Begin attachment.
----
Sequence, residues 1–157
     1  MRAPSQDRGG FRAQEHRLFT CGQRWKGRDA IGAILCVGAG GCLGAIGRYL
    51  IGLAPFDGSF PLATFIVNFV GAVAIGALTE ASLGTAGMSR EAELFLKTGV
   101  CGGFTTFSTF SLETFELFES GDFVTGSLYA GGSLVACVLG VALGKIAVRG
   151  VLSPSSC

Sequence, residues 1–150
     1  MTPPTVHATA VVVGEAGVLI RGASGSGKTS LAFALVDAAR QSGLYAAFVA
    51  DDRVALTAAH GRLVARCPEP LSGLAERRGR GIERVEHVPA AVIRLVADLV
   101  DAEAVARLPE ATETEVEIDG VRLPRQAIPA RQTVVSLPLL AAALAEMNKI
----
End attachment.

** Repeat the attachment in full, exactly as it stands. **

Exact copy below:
Sequence, residues 1–157
     1  MRAPSQDRGG FRAQEHRLFT CGQRWKGRDA IGAILCVGAG GCLGAIGRYL
    51  IGLAPFDGSF PLATFIVNFV GAVAIGALTE ASLGTAGMSR EAELFLKTGV
   101  CGGFTTFSTF SLETFELFES GDFVTGSLYA GGSLVACVLG VALGKIAVRG
   151  VLSPSSC

Sequence, residues 1–150
     1  MTPPTVHATA VVVGEAGVLI RGASGSGKTS LAFALVDAAR QSGLYAAFVA
    51  DDRVALTAAH GRLVARCPEP LSGLAERRGR GIERVEHVPA AVIRLVADLV
   101  DAEAVARLPE ATETEVEIDG VRLPRQAIPA RQTVVSLPLL AAALAEMNKI